It has been an arctic couple of weeks aboard S/V Bosco. Good thing we’ve gathered the right resources to help us survive the harsh conditions that come with living aboard a sailboat in the dead of winter.
It has been in single digits for awhile. Last night was our first ‘blizzard’ on the boat; or rather, polar-vortex cyclone of frigid cold, gale force winds, rain, snow, and ice combined. The temperature dropped so fast it left behind a slick body of ice. Hoarfrost everywhere!
There’s not a lot of predatory action to worry about and its a hungry country, especially aboard the sailboat. Jake and I have to fend for ourselves to maintain enough nourishment to last through the cold days and long, dark nights. We’ve managed to stockpile plenty of dehydrated foods and we can usually supplement it with a good ‘catch’ of frozen fish or meat. We have to be extra-careful with our water resource, as right now it can be difficult to acquire as everything is dried up or shut down during the harsh cold. So we are very sparing about our use of water.
One really nice thing is how peaceful it is. There isn’t a lot of boat activity in the winter months and as Jake and I have missed the last couple of winters, its kind of nice to see snow again.
How does one cope dealing with sub-zero temps on a sailboat?
Well, its not without a bit of discomfort. Our power limitation is the biggest challenge. We have just enough power to run one heating source aboard the boat; a ceramic space heater. It doesn’t pull as much wattage as its larger counterparts, so it isn’t as powerful, but it holds its own without a strain to our power-systems. At night, we see temperatures drop to the 30’s inside the cabin. But at least we’re not exposed to the elements, which are quite fatiguing.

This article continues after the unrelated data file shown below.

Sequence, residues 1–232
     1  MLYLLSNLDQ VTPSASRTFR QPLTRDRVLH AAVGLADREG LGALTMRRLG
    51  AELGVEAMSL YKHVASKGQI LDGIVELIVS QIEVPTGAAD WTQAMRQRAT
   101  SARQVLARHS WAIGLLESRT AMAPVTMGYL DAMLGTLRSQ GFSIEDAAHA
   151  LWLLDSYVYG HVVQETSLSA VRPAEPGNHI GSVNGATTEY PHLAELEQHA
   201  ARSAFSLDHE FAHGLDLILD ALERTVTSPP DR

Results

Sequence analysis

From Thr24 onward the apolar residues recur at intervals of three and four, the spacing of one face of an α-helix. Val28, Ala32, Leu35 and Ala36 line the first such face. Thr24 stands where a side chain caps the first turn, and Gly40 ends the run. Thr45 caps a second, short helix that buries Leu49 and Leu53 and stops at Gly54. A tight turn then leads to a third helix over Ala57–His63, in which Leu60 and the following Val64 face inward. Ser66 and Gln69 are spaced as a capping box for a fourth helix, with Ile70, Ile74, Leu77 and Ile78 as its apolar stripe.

Some tricks we’ve found to work well is to maximize the amount of heat that alternate sources provide. We light candles, we have food preparing in a crock-pot every day, which accomplishes 2 things; 1. it provides an easy dinnertime meal when its dark and cold and we don’t want to deal with cooking and 2. it provides heat throughout the cabin all day. We often combine this with some sort of baking opportunity; bread, cookies, pizza dough. Whatever works with our crock pot meal, which further spreads the heat out in the cabin.
As much as we tried to set up our Bosco to be comfy and cozy, its still a boat. There’s no insulation, we live on water, we rock and we roll all the time. Its “super-tiny-house living”. So tiny that 2 people can’t stand side-by-side anywhere inside the cabin. And that is only part of what makes it tough. When its cold like this, we can’t escape each other either and the boat is an island again.
I guess this is a little prequel to what life would be like if we sail on up to Alaska. All we need is a little fireplace/heater and I think we’d be all set. Discomfort aside, its kind of cool to be on the boat in arctic conditions. Life aboard the boat is tough, there’s no doubt. I think it keeps us a little rough around the edges and thats a good thing. I would hate for us to get ‘too soft’ especially since we have so many more plans for travel and adventure that requires a bit of tough. Plus, we appreciate creature comforts SO MUCH MORE when we don’t have access of them.
After our frosty gale last night, its very cold, slick and icy everywhere. Maneuvering the decks is a bit treacherous. But, I couldn’t resist getting up there to accomplish the most important of all boat jobs; to build a Bosco Snowman!